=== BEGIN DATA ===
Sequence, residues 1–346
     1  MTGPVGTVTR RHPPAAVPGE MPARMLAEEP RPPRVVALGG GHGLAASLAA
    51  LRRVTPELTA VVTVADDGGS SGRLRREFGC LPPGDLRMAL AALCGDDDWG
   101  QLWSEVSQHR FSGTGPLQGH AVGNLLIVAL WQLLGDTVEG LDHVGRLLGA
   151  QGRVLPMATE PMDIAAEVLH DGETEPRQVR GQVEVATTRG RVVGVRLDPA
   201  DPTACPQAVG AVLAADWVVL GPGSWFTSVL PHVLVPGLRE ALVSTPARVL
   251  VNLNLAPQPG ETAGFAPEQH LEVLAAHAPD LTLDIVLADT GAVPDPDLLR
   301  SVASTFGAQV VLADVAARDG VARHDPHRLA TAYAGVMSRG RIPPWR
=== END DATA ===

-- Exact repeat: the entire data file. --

Sequence, residues 1–346
     1  MTGPVGTVTR RHPPAAVPGE MPARMLAEEP RPPRVVALGG GHGLAASLAA
    51  LRRVTPELTA VVTVADDGGS SGRLRREFGC LPPGDLRMAL AALCGDDDWG
   101  QLWSEVSQHR FSGTGPLQGH AVGNLLIVAL WQLLGDTVEG LDHVGRLLGA
   151  QGRVLPMATE PMDIAAEVLH DGETEPRQVR GQVEVATTRG RVVGVRLDPA
   201  DPTACPQAVG AVLAADWVVL GPGSWFTSVL PHVLVPGLRE ALVSTPARVL
   251  VNLNLAPQPG ETAGFAPEQH LEVLAAHAPD LTLDIVLADT GAVPDPDLLR
   301  SVASTFGAQV VLADVAARDG VARHDPHRLA TAYAGVMSRG RIPPWR